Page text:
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  8. Since we moved I have not even hung anything on the walls and it is closing in on two years. All that empty space feels too good!
    My desk on the other hand hardly has space for me and my little laptop 🙂

    Thanks for the fun photos!

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  9. Linda and Dory, it’s interesting that you find clutter in your writing spaces affects your writing. I’m wondering if it affects mine. Tomorrow I might try taking everything off my desk and just putting it on the floor where I can’t see it to see if that changes anything.

    Emily, you bring up the other side of this issue, the fact that sometimes clutter can promote creativity. Really, seeing papers everywhere and books open on top of the printer and on the floor does help to bring out my creative or “wild” side, which I’m just now realizing as I type this. The “mess” somehow overpowers my logical self. Cool.

    Owlandsparrow and waggledance, the two “picture names,” both of you seem to be able to really get into the fun of de-cluttering!

    Lindsay, I think one of the reasons I’m drawn to the small houses in the blog header is for exactly the reason you mention you enjoy living in your small house–there’s simply not room for a lot of possessions.

    Zoe, you bring up a side of this issue I thought about but didn’t get into–saving things for their sentimental value. Notebooks, letters, pictures…how do we keep that aspect of “things” in check? Thanks for your great post on the subject.

    Jennifer, It is interesting how good empty space feels. It’s difficult to understand it, but it’s true. Why do we rush to hang pictures? Is it more of a need to find a place for things? And my clutter is very organized. It’s not messy. There’s just so much of it.

    Thanks for all the great comments. Here’s a little snippet from Marilynne Robinson’s Housekeeping that I thought of after I had written this post:

    “The parlor was full of the newspapers and magazines Sylvie brought home. They were stacked pretty neatly…Nevertheless, they took up the end of the room where the fireplace had been. Then there were the cans stacked along the wall opposite the couch. Like the newspapers, they were stacked to the ceiling. Nevertheless, they took up considerable floor space….Sylvie only kept them, I think, because she considered accumulation to be the essence of housekeeping, and because she considered the hoarding of worthless things to be proof of a particularly scrupulous thrift.”

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  10. “There’s just so much of it.”

    If this is how you feel about your writing place, well, may be it’s because you need more space to work… and put some new…

    “Notebooks, letters, pictures.”

    I just love the way you express your feelings about this private and secret place of your. It’s look and sound like a garden where words keep growing day after day and travel from page to page.

    I love your clutters.

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  11. Thanks for this great post, Cynthia. It actually made me start to clean up my clutter (or, rather, organize my clutter). I am sitting here surrounded by piles of drafts. I found a slew of them from 2007 I had forgotten, along with the clippings, notes, and photos that inspired me to write them. Also found my complete New Yorker DVD set buried under a pile of Zoetrope All-Storys. If I can make my clutter look as neat as yours, I will feel accomplished.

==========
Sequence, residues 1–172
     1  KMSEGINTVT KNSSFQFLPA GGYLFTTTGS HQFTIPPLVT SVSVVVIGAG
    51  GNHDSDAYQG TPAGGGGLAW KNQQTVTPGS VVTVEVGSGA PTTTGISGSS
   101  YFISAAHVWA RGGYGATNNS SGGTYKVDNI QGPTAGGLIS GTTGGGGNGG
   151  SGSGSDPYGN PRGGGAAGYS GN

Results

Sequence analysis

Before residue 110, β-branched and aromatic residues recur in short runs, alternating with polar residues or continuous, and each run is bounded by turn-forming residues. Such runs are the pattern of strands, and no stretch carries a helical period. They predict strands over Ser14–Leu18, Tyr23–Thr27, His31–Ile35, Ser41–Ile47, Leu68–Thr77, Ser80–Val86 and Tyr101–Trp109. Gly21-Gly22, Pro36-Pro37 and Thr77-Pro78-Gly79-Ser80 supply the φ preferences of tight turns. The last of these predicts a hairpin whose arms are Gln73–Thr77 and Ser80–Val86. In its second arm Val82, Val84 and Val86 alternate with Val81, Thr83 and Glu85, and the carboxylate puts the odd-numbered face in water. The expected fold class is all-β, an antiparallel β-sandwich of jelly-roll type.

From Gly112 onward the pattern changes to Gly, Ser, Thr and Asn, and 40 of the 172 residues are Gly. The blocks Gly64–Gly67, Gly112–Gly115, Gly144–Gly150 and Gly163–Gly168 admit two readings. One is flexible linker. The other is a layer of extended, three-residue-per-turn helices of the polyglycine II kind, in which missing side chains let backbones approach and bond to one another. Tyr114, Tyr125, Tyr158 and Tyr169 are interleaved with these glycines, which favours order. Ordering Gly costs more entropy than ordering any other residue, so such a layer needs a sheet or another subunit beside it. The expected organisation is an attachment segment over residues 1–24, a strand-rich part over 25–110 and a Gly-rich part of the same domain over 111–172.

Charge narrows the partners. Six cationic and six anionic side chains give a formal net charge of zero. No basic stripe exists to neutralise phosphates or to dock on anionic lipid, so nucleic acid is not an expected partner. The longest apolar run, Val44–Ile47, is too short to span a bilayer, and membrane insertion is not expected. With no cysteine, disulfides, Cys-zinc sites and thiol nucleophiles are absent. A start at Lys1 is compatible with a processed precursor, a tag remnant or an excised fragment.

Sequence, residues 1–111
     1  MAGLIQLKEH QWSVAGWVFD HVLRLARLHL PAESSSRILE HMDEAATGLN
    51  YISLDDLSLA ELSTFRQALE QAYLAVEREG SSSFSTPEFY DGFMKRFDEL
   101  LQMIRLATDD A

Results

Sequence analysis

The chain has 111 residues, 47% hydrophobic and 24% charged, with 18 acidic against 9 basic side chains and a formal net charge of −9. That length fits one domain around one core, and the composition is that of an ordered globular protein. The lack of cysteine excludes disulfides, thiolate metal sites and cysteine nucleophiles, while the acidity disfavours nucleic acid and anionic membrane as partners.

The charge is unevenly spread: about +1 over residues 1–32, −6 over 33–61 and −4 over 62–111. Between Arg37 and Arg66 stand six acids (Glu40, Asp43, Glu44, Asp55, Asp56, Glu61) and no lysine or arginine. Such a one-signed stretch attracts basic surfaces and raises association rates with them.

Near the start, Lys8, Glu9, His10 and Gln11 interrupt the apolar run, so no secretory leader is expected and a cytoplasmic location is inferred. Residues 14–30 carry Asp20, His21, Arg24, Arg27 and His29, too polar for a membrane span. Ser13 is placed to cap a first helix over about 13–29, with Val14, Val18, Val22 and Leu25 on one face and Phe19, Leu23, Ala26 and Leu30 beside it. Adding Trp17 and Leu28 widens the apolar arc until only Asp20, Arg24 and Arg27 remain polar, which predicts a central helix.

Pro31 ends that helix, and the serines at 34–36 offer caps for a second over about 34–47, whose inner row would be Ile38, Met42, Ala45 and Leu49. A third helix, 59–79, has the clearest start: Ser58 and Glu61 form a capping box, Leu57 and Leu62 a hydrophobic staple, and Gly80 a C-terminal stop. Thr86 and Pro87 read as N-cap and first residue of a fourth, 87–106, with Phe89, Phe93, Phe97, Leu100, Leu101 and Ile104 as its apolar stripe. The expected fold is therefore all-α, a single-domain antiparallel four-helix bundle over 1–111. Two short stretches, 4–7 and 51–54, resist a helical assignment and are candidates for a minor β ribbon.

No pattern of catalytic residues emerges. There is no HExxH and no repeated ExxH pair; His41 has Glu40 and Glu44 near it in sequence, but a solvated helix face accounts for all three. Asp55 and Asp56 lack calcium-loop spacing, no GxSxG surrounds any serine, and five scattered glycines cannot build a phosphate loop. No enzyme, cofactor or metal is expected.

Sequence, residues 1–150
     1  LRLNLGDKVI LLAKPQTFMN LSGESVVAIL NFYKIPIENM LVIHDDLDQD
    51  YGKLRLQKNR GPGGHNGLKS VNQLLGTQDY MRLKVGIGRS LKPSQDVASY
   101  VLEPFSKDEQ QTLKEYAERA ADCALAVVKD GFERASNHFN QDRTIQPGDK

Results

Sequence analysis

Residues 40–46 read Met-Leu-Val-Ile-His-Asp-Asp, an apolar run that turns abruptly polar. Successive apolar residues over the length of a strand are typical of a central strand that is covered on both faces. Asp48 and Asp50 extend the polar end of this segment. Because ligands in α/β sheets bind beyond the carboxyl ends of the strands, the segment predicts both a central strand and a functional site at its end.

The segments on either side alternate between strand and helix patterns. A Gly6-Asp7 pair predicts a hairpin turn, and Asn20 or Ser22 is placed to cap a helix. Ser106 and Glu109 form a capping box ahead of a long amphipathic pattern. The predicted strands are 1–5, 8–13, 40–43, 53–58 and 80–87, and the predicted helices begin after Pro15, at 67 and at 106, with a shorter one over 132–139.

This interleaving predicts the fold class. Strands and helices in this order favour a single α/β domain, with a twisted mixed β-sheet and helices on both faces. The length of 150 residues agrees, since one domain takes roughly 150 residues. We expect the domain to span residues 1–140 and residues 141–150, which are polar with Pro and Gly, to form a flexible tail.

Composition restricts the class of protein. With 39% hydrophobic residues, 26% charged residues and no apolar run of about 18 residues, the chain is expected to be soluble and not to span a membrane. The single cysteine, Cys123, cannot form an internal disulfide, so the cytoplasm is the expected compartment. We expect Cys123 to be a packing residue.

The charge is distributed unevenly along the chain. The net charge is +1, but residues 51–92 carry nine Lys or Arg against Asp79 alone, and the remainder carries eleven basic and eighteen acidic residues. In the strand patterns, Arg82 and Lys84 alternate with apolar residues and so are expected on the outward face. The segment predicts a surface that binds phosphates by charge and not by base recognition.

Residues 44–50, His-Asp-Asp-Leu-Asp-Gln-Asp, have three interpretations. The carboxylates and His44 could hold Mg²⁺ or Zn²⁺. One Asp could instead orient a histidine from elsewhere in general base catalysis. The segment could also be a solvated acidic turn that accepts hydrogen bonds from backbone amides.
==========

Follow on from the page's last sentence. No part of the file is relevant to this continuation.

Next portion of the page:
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  12. I live inside a cluttered brain. My thoughts wander faster than Amelda Marcos changes her shoes. I write lists and do everything not on it. I’m so scattered, I feel like bird seed in the wind–who knows where I’ll seed myself for the day. For this, I must, must, must have a clear space. I must strike a balance somewhere and it seems de-cluttering is the only thing I can control.

    I never was a shopper. Materialism was never an issue with me. But paper piles. Where do they come from? My desk is also in the guest room so I frequently clean the room to prepare arrivals. However, if I leave two pieces of paper out, they breed to millions the next day. I can’t keep up.

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  13. Mireille-Thanks for reading the post and the comments and for leaving a comment. I love your analogy of my writing space to a garden where words grow and travel from page to page. Just beautiful. I hope you’ll be back!

    Teresa-I have to keep my clutter organized or it makes me crazy. So when the piles start to overlap or I have to start using the floor for piles, I de-clutter, which I actually enjoy. I have to feel like the master of the piles! And it is such fun to find things I’ve forgotten about. Thanks for adding to the conversation.

    Tricia-The main character in The Painting Story also loved to make piles and she read an article that said the piles we make represent the contents of our brain! So pile, pile, pile to unclutter your brain.

    Ohhhh, that’s where all the papers come from.

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  14. You really don’t need all that stuff. All that clutter is making you stressed enough to blog about it. I’m a professional de-clutterer, and stuff is psychologically dangerous in high quantities. Check out “clutter busting” by brookes palmer. great book, changed my life.